In 2005, there were 11.5 million workers in the construction industry and the unemployment rate hovered around 8.2%. That number dropped to 10.6 million in 2010 and unemployment jumped to 18%. While employment has improved since the recession, the workforce has not rebounded to pre-recession levels.
In 2015, the unemployment rate was 7.1%, but the construction workforce contracted further to 10.4 million, according to a report from BuildZoom.
BuildZoom Chief Economist Issi Romem said part of the problem is young workers do not find physical labor and construction work attractive. A recent survey of 18- to 25-year-olds from the National Association of Home Builders revealed only 3% of young people were interested in pursuing construction as a career while most surveyed wanted a less physically demanding job and perceived construction as difficult.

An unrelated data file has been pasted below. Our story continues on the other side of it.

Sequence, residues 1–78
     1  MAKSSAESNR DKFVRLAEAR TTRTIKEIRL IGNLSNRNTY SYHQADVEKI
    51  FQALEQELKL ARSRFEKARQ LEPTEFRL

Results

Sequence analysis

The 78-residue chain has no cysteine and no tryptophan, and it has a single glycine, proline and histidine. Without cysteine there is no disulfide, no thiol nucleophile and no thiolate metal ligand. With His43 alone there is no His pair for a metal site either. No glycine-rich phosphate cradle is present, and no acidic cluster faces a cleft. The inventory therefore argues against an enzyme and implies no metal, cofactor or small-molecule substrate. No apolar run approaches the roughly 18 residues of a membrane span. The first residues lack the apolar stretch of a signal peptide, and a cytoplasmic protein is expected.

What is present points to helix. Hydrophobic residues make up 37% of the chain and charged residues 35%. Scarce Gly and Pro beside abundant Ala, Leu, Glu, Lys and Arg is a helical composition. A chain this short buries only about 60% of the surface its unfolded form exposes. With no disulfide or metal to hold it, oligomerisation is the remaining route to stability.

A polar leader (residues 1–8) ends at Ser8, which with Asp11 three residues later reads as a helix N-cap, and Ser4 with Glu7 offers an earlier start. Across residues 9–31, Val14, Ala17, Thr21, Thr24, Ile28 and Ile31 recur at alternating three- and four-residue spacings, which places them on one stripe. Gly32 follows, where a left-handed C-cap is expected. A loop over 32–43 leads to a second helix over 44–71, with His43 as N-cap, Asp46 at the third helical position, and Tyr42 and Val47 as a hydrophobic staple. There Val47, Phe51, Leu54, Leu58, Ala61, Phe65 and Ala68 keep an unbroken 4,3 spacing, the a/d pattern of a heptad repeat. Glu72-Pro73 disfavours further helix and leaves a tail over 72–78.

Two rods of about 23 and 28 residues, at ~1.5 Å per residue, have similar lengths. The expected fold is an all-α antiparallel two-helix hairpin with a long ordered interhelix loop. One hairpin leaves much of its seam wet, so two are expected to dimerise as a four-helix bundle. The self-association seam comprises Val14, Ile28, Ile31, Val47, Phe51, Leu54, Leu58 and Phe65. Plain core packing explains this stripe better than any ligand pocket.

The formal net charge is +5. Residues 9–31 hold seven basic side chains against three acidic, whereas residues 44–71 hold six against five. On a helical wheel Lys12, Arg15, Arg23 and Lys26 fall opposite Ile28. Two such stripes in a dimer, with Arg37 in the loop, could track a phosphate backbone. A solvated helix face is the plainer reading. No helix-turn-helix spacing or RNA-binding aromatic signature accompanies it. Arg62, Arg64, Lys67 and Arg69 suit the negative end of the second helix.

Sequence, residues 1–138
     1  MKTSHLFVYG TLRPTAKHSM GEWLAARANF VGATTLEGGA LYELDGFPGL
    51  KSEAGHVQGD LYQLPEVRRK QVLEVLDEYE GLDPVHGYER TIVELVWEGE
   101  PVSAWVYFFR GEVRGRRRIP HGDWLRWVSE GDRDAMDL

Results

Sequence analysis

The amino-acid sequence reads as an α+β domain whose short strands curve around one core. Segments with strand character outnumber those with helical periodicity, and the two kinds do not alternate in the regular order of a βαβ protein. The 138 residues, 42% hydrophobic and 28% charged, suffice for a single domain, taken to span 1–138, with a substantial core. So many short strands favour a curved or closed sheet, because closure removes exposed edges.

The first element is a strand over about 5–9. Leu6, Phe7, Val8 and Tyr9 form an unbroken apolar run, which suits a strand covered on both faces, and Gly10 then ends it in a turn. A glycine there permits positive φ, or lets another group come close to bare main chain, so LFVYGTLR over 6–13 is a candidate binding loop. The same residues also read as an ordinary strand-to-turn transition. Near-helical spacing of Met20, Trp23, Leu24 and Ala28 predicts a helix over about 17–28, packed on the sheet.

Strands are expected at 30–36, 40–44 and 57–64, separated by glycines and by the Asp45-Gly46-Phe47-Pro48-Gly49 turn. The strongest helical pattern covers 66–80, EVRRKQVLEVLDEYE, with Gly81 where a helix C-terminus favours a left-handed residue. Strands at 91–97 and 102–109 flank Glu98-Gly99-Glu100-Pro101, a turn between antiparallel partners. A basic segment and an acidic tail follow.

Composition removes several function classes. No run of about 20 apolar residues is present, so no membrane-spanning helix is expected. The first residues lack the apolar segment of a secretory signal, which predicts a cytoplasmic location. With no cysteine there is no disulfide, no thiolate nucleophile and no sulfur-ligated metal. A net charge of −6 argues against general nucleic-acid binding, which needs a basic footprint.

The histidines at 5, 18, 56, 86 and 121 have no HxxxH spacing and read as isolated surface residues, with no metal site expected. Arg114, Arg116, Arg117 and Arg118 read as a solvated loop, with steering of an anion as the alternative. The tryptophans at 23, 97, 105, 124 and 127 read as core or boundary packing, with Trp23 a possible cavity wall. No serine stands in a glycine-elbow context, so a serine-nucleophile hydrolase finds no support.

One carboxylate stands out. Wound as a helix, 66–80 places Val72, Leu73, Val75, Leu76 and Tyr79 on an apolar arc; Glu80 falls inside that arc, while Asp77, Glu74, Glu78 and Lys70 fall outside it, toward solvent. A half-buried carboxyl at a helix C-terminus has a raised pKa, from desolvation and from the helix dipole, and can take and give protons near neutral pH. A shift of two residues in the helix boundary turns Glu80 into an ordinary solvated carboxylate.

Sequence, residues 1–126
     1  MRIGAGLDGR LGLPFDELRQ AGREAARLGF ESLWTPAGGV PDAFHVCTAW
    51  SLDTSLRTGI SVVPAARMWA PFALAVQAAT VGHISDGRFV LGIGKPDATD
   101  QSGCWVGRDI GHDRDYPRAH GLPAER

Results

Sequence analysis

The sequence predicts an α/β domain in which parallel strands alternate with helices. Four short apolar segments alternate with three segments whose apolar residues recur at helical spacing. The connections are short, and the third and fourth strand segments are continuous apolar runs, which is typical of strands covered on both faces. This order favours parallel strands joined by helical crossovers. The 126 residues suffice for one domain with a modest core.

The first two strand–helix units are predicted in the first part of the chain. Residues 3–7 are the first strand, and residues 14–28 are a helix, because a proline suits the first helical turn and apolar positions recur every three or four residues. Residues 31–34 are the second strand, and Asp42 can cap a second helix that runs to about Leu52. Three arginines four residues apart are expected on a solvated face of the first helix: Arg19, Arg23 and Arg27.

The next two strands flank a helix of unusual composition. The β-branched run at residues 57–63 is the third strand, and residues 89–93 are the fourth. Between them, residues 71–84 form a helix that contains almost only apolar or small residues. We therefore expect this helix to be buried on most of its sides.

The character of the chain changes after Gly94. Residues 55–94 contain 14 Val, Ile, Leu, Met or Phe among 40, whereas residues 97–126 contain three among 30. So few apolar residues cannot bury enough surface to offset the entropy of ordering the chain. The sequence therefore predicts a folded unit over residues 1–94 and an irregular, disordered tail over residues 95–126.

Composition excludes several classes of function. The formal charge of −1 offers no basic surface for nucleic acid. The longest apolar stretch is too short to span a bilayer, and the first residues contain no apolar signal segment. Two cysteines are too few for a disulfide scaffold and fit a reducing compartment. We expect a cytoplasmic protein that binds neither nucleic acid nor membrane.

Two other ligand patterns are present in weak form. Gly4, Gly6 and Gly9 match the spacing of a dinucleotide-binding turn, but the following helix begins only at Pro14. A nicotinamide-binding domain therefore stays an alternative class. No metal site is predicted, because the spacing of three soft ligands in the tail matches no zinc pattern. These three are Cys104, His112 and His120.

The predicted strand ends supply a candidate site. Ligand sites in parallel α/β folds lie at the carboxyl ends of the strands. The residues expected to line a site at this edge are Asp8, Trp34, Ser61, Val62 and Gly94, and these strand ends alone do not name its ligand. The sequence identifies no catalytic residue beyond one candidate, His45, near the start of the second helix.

More millennials also are going to college and pursuing careers in corporate America rather than blue-collar jobs. About 27% of millennial women and 21% of millennial men have completed a bachelor’s degree. Comparatively, 17% of baby boomer men and 14% of baby boomer women hold a bachelor’s degree, according to Pew Research.
Construction wages also are low and have not increased significantly within the last 15 years. In 2000, the average salary for a construction worker was $49K per year. It decreased to $47K per year in 2005 and increased to $48K per year in 2015, still shy of the 2000 levels, according to BuildZoom.